"Network intrusion-detection systems shall be placed at points on network ingress and egress. Host intrusion-detection systems shall be implemented on systems that are identified as business critical. Evaluation, testing and selection of intrusion-detection system hardware and software are the responsibilities of the Corporate Information Security Department. Monitoring of intrusion-detection systems and the interpretation, analysis and dissemination of alert information shall be the responsibilities of Security Operations."

Further details, such as lists of approved hardware and software and specific instructions as to how the evaluation, testing, selection, monitoring, interpretation, analysis and dissemination functions are to be carried out would be set forth in operational documents such as Standards, Guidelines and Processes.

Prepare for exceptions
The day will come when a business need conflicts with a security best practice. Being prepared to deal with this situation will save time, money and aggravation.

Every business has different needs and tolerance for risk. At some point, business needs may win out over infosec best practices. You need to have a process in place to allow the organization to:

  • Understand the risks being taken
  • Document these risks and their mitigating factors
  • Make and document an informed decision as to whether to accept a risk
  • Periodically review accepted risks to determine whether new mitigations are available and whether the risk is still acceptable

Having a well defined process to handle exceptions will allow your organization to deal with situations that fall outside of those anticipated when the policies were written.

Translate standards into measurable actions
Hand your business managers a copy of typical infosec standards and they'll probably end up using them – to prop up the short leg on the table in the break room.

Business unit folks want information security folks to provide them with specific instructions on how to make their systems secure. Telling a business unit manager to "use two-factor authentication to protect critical information" is not helpful. You need to provide your users with organization-specific tools, such as criteria for deciding whether information is critical or not, and lists of tested and approved security solutions specifically tied to policies. Remember, policies are not instruction manuals. Policies are high-level statements of the intent of the organization. Specific information as to how to implement policy should be laid out in procedural documents.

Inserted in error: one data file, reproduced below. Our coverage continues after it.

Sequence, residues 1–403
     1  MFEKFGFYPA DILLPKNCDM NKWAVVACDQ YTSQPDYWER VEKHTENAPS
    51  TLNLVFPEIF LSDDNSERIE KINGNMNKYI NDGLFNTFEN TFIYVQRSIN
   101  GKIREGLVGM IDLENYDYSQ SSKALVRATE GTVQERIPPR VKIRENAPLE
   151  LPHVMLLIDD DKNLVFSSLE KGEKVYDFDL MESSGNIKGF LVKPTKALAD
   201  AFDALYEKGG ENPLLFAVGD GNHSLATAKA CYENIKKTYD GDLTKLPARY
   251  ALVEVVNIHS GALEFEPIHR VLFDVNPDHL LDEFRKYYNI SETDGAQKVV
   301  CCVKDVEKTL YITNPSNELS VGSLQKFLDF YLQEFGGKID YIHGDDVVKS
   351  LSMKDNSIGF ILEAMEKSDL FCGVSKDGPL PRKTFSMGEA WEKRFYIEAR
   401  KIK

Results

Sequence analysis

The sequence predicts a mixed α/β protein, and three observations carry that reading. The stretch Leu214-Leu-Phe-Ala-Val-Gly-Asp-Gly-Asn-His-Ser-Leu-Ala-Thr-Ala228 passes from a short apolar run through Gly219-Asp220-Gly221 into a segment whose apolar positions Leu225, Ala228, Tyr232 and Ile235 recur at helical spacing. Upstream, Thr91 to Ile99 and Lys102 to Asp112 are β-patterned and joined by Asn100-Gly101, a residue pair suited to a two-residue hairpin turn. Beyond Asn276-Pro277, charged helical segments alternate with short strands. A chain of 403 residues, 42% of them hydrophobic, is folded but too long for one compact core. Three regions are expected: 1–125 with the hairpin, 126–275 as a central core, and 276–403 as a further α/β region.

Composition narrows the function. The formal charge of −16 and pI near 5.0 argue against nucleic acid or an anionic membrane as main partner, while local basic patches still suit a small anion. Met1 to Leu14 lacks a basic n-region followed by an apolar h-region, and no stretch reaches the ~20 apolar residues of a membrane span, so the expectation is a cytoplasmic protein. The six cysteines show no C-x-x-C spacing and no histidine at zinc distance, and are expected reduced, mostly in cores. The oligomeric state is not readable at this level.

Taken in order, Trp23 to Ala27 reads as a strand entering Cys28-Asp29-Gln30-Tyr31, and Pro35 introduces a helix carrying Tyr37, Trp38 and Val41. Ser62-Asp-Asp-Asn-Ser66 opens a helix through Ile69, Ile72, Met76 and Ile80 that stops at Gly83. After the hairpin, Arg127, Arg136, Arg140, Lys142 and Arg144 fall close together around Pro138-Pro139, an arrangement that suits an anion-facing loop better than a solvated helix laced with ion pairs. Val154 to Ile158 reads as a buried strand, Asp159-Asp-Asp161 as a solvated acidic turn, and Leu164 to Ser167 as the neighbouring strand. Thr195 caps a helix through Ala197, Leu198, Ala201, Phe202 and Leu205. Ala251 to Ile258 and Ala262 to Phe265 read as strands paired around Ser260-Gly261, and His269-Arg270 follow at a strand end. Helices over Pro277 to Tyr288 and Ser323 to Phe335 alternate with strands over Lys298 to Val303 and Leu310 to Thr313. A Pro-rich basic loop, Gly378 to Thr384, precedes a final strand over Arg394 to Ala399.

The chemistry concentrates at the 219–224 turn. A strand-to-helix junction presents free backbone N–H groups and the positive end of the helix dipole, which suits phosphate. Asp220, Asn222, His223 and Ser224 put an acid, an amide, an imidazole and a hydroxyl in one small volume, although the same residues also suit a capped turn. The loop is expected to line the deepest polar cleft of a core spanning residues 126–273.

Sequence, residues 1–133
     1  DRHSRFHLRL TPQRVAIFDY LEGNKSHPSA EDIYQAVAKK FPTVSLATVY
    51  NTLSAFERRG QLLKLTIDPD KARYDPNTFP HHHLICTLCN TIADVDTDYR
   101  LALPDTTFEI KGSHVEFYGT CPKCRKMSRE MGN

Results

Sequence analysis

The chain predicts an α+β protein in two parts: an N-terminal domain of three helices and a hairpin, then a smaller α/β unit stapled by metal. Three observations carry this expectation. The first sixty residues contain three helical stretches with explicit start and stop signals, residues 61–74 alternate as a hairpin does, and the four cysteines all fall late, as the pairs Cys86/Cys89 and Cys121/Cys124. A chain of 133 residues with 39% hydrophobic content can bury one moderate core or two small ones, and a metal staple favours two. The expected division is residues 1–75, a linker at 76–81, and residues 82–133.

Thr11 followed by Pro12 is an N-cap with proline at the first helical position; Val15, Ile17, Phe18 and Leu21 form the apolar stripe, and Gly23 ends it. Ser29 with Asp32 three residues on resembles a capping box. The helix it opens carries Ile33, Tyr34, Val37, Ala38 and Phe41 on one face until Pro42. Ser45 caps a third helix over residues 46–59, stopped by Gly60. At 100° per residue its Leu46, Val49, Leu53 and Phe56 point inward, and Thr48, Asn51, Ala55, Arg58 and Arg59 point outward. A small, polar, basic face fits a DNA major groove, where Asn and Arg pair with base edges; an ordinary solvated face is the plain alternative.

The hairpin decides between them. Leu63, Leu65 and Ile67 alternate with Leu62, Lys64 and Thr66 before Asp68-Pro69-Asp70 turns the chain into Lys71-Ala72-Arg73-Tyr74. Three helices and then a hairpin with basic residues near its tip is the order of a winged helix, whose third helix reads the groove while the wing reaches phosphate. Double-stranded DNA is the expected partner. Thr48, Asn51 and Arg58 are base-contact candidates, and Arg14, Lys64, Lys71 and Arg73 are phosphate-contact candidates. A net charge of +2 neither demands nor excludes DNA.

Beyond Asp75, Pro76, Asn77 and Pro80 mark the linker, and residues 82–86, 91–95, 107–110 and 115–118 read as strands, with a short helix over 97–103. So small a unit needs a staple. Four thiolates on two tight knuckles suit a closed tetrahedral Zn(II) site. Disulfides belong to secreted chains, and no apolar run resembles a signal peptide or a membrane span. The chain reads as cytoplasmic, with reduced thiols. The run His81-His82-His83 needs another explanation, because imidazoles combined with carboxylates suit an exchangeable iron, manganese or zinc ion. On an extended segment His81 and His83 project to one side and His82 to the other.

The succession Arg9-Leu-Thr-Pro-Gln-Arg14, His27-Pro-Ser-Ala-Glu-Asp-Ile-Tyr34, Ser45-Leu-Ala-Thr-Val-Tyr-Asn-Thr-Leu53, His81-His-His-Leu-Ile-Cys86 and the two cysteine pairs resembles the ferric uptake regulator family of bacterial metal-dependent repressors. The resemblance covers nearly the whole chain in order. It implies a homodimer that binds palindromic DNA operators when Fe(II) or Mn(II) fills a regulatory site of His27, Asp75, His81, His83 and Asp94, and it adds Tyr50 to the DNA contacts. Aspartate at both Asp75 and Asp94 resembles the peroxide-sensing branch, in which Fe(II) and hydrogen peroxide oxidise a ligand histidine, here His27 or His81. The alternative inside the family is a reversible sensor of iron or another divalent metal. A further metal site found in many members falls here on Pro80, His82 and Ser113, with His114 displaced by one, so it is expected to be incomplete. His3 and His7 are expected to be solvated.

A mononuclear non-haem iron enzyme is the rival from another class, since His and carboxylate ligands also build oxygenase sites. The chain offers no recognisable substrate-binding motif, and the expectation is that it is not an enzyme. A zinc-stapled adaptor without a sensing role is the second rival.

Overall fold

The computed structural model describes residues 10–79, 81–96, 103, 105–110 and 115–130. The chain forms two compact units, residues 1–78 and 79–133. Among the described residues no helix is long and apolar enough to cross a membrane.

The key here is clarity and consistency. You should be able to put the same procedural and policy documents in front of everyone in your organization and have them come to the same conclusions as to the security measures that are needed to meet the standard.

If your organization has an Internal Audit department, these are good people to get involved in the process of developing measurable actions. After all, they will be doing the measuring of compliance, and their experience in other types of audits and standards is a valuable resource. Auditors have the structured approach needed to put this practice to work. If our friends in Washington or your state capital dictate your external standards, get your legal folks involved as well to insure that your measurements will hold up in court.

Industry standards for info security are not a cure all – and I think that this is a good thing on the whole. While legislators and industry groups can tell us a lot about best practices and goals, it is up to the management and infosec professionals in our organizations to come up with solutions that allow business to be conducted with assurance.

About the author
Al Berg, CISSP, is the Director of Information Security for Liquidnet, an electronic marketplace for block trading. Al has been in the information security industry for more than 15 years and has provided consulting services to major corporations and the U.S. Defense Department. Al has spoken at numerous industry conferences in the U.S. and Europe, and has published many articles on networking and security topics.


This was first published in April 2008